The overall residence time for continuous operations is the current operating volume divided by the total flow rate passing through the volume. Some tuning methods for surge tank level control inadvertently use a definition of residence time as the maximum volume divided by the maximum change in flow set by equipment size, level connection location, and PID scale ranges. At high production rates, the residence time gets shorter for reactions unless the level setpoint is increased accordingly.

Insight: The residence time for continuous operations is the operating volume divided by the total flow.

A plug flow reactor has no back mixing (axial mixing). Polymer plug flow reactors use inline equipment such as pipes or tube(s). In static mixers baffles create some radial mixing. In extruders, a screw pushes a viscous liquid and solids to the exit. Since there is no back mixing all of the components in the reaction mass exit at the same time that is equal to the transportation delay. All of the residence time becomes a process dead time. A plug flow reactor is similar to a fed-batch reactor in that there is generally no level control and the residence time distribution is extremely tight. If you consider a subsection of the reaction mass moving from the entrance to the exit, there is no discharge from this volume until the subsection approaches the exit.

Insight: The residence time in plug flow reactors is a transportation delay and the residence time distribution is tight.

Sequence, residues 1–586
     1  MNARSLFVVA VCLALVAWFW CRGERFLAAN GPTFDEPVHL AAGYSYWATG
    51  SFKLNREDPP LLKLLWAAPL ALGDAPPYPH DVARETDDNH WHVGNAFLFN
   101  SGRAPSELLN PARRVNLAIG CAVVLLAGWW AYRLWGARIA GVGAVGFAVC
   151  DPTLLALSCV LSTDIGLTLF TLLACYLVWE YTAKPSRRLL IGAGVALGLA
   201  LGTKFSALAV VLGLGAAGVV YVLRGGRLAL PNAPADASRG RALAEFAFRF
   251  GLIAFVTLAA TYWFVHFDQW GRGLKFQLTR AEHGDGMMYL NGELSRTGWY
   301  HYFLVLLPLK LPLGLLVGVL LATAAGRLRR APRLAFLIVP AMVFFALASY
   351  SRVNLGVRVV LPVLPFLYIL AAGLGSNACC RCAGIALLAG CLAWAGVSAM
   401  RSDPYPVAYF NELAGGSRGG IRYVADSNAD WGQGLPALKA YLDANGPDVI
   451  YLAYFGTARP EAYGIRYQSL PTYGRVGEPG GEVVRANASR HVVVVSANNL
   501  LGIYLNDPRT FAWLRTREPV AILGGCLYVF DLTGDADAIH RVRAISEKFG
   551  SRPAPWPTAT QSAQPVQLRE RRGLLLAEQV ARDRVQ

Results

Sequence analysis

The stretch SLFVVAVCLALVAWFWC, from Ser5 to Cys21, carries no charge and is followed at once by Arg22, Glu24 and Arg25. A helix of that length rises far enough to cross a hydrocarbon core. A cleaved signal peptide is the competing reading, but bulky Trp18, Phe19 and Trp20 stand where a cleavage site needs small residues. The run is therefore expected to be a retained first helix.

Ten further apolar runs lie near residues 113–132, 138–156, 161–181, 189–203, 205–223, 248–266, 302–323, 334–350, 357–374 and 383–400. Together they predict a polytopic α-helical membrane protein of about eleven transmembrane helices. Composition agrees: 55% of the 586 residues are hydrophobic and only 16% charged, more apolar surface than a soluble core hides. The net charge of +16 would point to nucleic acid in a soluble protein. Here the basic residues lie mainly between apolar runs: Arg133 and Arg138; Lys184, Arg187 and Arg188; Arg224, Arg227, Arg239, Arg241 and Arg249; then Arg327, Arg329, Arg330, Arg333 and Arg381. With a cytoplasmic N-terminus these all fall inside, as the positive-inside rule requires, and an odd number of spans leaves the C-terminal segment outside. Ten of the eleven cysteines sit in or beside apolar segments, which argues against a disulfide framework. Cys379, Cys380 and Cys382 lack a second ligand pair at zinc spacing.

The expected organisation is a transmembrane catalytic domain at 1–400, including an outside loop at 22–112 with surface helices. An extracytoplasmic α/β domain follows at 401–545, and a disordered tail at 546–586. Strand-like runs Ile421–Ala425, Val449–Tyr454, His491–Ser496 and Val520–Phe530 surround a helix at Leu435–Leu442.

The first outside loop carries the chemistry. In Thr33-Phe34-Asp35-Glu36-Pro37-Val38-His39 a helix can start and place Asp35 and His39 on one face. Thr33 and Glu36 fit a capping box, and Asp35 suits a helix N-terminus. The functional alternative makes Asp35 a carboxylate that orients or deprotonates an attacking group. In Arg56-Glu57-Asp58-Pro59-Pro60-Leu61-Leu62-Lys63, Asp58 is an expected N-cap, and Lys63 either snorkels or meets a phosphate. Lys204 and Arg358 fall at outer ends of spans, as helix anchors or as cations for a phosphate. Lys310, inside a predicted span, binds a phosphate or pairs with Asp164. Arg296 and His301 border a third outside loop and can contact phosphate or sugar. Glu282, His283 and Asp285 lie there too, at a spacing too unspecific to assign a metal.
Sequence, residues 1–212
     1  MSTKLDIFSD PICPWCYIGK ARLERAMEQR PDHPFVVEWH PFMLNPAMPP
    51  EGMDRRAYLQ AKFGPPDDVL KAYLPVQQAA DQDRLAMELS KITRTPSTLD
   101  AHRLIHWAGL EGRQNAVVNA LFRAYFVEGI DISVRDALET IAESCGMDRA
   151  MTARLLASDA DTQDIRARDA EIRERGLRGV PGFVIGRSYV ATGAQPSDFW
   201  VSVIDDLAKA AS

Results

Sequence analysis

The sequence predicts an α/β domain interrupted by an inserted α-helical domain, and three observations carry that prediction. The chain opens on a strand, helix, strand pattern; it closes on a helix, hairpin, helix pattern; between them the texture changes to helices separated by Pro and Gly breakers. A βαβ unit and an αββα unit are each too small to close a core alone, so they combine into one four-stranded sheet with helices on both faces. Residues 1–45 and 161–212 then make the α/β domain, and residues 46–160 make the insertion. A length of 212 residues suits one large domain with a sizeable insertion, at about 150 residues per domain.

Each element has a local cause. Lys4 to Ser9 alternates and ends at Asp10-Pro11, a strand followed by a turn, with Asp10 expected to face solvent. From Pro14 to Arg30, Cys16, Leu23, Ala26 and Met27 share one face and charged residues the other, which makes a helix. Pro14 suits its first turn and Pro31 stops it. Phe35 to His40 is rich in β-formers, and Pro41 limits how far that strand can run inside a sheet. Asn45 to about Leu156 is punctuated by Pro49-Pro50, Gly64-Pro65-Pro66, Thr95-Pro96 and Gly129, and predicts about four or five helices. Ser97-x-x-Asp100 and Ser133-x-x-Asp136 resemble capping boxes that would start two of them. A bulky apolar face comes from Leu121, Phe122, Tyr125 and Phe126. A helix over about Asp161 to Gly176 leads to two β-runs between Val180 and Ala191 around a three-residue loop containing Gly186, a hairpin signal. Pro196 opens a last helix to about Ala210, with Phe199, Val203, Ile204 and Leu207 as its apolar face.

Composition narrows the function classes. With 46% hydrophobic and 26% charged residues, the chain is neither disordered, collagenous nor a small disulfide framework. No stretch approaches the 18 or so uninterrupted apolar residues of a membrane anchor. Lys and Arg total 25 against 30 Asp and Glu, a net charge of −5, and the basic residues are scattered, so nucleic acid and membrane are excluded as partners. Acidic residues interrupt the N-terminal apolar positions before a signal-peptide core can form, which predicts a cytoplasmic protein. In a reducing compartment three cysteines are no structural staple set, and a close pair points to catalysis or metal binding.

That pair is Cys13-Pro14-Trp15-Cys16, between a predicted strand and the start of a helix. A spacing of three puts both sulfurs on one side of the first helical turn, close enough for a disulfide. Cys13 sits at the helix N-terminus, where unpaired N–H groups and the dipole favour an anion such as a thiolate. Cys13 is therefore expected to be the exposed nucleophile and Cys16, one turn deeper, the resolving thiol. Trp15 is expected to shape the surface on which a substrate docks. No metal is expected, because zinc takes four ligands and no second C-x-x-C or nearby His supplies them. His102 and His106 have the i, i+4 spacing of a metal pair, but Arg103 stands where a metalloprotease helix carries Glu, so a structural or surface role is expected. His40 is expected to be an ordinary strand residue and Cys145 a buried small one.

Polymerization processes often use batch and plug flow reactors operating with high viscosities. For highly viscous products the residence distribution is not as tight. Product can accumulate on the vessel walls in batch reactors. The velocity near the pipe wall in plug flow reactors is slower from frictional drag causing the product near the wall to arrive later. The increase in time available for reaction increases the viscosity of the fluid near the wall aggravating the problem.

Gas phase reactors are generally always continuous plug flow reactors. Many use fluidized catalyst beds. There is little to no back mixing except from turbulence. Consequently, the residence time distribution is tight for even catalyst distribution, the dynamic response to changes in reactant feed is a transportation delay similar to the plug flow liquid reactor except the reaction times are faster and the residence time shorter from a much higher velocity. Channeling of gas flows through the catalyst bed can result in some gases arriving at the outlet sooner reducing residence time and conversion for some portions of the exiting gas product.

Insight: The residence time of gas phase reactors is fast and tight for an even flow distribution.